Passion behind lens in ‘Pride’ 

There are plenty of emotional diving boards to walk out on in life, but only a few come with an exit clause requiring tremendous leaps of faith.

Nobody knows this better than Sunu Gonera, whose directorial debut, "Pride," is about holding your head up high and trusting in the unknown.

The film’s theme seems to mirror some of the Zimbabwean-born director’s own life experiences.

"I remember coming home in September of 2005, and my wife had put our South African house on the market," Gonera recalls. "She said, ‘We’re selling everything, we’re going to the states. If you don’t do it now, you’ll never do it. We can always buy houses, but you can’t buy dreams.’"

Gonera’s big dream was to direct movies. He cashed in a banking career to lens edgy commercials through his own production company — dubbed "Faith Productions," funny enough.

Eventually, his work found its way into Nicole Kidman’s production camp and along came "Pride," based on the real-life experiences of Philadelphia swim coach Jim Ellis, who founded and coached an African-American swim team comprising underprivileged youth, in the early-’70s in a run-down parks and rec facility.

"I related to the whole underdog element," Gonera says. "I grew up in the townships of Zimbabwe and sports was my way out. I played rugby and cricket, which for a black person, was not normal, because everybody played soccer. So I’ve always felt like an outsider. I loved the script but I wanted to tell a really personal story. I didn’t want a Hollywood version of the story."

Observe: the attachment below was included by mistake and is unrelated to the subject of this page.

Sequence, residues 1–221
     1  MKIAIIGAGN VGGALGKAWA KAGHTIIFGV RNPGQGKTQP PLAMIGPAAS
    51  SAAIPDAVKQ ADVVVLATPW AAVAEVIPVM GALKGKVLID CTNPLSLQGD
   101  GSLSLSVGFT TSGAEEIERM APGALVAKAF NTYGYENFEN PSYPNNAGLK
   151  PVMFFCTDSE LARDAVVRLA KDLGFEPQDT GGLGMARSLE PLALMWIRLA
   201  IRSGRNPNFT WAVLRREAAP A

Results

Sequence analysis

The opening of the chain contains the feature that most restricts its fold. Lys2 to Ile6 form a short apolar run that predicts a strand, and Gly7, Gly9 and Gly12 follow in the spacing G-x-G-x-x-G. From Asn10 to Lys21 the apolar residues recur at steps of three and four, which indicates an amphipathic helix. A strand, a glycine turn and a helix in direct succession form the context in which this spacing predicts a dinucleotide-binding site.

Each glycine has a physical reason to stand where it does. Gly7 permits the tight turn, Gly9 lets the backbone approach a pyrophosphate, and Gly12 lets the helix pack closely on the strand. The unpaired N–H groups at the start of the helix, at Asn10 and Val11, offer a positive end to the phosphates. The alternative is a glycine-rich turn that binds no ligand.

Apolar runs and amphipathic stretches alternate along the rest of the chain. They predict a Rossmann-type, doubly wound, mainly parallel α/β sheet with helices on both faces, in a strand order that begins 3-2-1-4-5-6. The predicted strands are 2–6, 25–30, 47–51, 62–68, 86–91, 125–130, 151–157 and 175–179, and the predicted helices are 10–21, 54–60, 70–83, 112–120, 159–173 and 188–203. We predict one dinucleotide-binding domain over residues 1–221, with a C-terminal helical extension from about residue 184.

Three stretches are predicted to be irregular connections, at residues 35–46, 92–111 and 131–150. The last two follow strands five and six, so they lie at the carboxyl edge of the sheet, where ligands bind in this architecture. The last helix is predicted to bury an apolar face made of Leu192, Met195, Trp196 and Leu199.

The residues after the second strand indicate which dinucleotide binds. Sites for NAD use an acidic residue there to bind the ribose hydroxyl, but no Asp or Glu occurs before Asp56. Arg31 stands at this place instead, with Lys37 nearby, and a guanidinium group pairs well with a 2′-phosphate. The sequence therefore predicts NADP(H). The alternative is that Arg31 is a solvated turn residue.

Terrence Howard morphs into the über-focused Ellis, Bernie Mac and Tom Arnold co-star in more dramatic roles. Kevin Michael

Smith’s and Michael Gozzard’s story offers enough for the film’s young actors to shine in solid, believable performances.

Gonera keeps things real in "Pride," perhaps as homage to Ellis’ pioneering spirit.

"One of the things I responded to with Jim was that he was such an ordinary guy who still is doing these great things 33 years later," Gonera says. "I mean, when you hear that some of his kids from the team became big Wall Street bankers and attorneys, and had scholarships to colleges, you realize that he’s done an incredible thing. I really related to him."

"Pride" also illuminates the racism of the ’60s and ’70s.

"In Africa, racism was legal for many years, so I grew up with it," Gonera says. "I married a white woman and I had to deal with racism on a very personal level — people throwing bricks through your house, things like that. So when I read the script, that element didn’t surprise me. But I was determined to be authentic and to show different sides of people. I didn’t want it to be that any white person is racist, because that’s not true."

As for capturing Ellis’s dynamic coaching ability on screen, Gonera drew from his own experiences with his former rugby coach in Africa.

"My coach said, ‘You are a tiger. Don’t forget it. Don’t forget it!’ And he pushed me hard. And he always used to say to me, ‘Soar like an eagle.’ And I believed him."

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Staff Report

Staff Report

A daily newspaper covering San Francisco, San Mateo County and serving Alameda, Marin and Santa Clara counties.
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